A little photo from a morning walk. I loved how the seagulls were flying in harmony – like a band singing a pretty song.
If you want a beautiful sunset, is there anywhere more beautiful to see it than San Diego? This view is a few mere steps from my front door. I come down to this beach every day I can to see what unfolds before my eyes.
It’s fun to shoot Elk. By shoot I mean with my camera and of course never with a gun. I knew a pretty bad guy once and that was his hobby – shooting and hunting Elk. He was so bad in fact that he was locked away in jail in Montana and called the worst Poacher in US history. He was actually accused of hunting Elk in Yellowstone National Park. That is pretty outrageous if you ask me. This guy, his name was Steve, was supposed to do a bunch of work on my house. He ended up taking a bunch of money from me and never doing the work. I knew he was pretty much a con-man and a crook but I never knew he was such an idiot to shoot and hunt Elk in the most protected National Park in probably the world.
In Yellowstone, while we were there. Keven spotted two Elk crossing a river and drinking from it. We were on a hike and it was a pretty amazing moment to be so close to wild creatures and they didn’t seem so afraid of us. I thought back to Steve and how he hunted perhaps these very same animals and how he possibly damaged the serene wild calm that they called home. I guess that is why he got locked up for the next 25 years. Good riddance. In any case I was really happy to come across these Elk in their natural habitat.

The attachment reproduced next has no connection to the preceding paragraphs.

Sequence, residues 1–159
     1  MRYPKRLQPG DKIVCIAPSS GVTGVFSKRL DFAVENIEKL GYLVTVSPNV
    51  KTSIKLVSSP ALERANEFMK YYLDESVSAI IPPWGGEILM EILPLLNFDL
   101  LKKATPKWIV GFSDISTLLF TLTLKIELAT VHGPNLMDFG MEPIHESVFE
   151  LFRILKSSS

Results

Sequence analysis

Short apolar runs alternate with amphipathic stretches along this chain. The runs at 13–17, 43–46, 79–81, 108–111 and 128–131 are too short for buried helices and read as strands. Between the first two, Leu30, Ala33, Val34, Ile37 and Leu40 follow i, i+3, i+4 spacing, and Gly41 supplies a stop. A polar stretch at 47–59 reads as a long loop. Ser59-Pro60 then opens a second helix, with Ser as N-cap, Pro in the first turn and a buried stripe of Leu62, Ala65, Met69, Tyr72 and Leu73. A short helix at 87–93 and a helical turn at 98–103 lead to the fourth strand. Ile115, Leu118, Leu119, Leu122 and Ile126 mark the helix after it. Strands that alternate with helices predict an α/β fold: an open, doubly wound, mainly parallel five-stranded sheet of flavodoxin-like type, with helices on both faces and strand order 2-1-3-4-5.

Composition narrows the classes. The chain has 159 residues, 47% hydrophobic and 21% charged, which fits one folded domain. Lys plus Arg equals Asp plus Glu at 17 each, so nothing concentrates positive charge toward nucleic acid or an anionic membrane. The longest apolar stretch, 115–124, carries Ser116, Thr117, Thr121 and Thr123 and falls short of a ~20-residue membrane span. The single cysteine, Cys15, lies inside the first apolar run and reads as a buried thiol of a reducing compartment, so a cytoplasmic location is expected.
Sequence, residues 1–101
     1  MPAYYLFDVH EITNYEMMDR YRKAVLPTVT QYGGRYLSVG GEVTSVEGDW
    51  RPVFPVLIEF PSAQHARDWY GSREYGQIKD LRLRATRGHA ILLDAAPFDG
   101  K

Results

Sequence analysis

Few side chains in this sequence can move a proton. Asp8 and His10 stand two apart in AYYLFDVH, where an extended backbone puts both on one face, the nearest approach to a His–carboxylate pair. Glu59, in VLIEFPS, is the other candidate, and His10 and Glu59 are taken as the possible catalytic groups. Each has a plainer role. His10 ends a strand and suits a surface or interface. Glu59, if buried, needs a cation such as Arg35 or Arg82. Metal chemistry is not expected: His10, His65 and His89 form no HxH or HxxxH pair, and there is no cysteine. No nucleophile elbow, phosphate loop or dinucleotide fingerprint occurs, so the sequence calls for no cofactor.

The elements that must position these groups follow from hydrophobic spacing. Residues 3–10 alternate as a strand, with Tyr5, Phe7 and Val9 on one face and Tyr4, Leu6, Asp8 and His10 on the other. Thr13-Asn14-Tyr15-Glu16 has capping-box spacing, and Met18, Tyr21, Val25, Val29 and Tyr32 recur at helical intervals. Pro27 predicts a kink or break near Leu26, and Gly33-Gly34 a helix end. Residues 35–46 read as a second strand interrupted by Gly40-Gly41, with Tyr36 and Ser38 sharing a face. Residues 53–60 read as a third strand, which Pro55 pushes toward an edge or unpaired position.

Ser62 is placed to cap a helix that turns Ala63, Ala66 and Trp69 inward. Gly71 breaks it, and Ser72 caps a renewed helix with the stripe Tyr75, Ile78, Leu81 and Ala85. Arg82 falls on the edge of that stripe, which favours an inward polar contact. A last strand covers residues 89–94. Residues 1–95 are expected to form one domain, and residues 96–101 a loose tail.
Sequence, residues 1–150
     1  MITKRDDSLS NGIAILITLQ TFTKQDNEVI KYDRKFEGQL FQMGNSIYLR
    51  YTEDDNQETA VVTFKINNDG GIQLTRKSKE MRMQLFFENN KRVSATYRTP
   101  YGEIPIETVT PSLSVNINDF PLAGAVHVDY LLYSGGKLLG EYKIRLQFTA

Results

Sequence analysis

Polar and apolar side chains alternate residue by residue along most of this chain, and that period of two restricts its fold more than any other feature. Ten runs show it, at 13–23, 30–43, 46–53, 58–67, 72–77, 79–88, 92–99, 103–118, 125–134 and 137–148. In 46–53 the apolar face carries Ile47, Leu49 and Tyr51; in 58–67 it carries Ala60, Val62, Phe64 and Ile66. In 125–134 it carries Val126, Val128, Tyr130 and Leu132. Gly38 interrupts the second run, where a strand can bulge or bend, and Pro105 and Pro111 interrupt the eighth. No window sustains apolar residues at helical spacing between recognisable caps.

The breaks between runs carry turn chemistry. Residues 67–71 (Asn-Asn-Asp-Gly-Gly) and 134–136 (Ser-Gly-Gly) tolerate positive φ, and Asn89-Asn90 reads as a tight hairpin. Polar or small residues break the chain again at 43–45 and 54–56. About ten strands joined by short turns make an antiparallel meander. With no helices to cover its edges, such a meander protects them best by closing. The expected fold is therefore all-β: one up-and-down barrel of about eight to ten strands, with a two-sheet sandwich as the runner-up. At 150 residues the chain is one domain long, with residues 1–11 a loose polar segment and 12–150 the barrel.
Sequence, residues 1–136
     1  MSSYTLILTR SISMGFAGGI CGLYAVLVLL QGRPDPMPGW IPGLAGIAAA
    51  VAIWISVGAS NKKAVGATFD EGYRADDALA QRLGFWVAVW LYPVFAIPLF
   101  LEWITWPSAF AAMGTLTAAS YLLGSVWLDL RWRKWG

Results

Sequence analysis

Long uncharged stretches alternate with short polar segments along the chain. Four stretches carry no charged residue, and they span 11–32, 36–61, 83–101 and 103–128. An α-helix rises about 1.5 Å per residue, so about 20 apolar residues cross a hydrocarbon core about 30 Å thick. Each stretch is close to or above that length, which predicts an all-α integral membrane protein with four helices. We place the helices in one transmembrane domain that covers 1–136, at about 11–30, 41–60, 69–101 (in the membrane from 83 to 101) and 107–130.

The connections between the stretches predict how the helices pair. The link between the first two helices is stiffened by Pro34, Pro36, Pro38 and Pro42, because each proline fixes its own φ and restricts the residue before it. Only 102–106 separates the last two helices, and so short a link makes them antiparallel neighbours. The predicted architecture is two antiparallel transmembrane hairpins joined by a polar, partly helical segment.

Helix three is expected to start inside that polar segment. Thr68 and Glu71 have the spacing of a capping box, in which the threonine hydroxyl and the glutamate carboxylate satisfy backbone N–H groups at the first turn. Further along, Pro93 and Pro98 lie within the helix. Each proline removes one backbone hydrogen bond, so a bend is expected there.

In the middle of Montana, Yellowstone National Park sits on what is now considered the largest Super Volcano in the world. All around this park, signs of internal distress within the earths crust is evident. No where is this more evident than in the multitude of bubbling mud pots that collect almost everywhere within the park. Mud Pots are sorts of acidic hot springs that contain a limited amount of extremely hot water and lots of mud. What you get when these mud pots develop is a little bit of boiling water under the crust of the earth and lots of mud. The mud pots because they have various colors within the park are also called paint pots because they resemble artist pools of different colored paint. The only difference is that the mud pots are boiling and mud is flying everywhere. The mud pots produce this really cool steam but the steam smells like boiled eggs and actually makes your eyes burn. You want to stay around the mud pots, but the tremendous amounts of steam, fog and general bad smell make you want to leave after a little bit.
These mud pots spell trouble for dogs and travelers to the park. Just a couple of months ago, a dog jumped into the area where the mud pots were and cracked through the crust and literally boiled himself alive. The owners friend, jumped in the pot to save the dog but alas he fell to the same fate. One generally does not want to venture off the beaten path in Yosemite because it is quite easy to break through the ground and end up in one of these boiling mud soup pots. It is quite an amazing place, full of beauty and danger.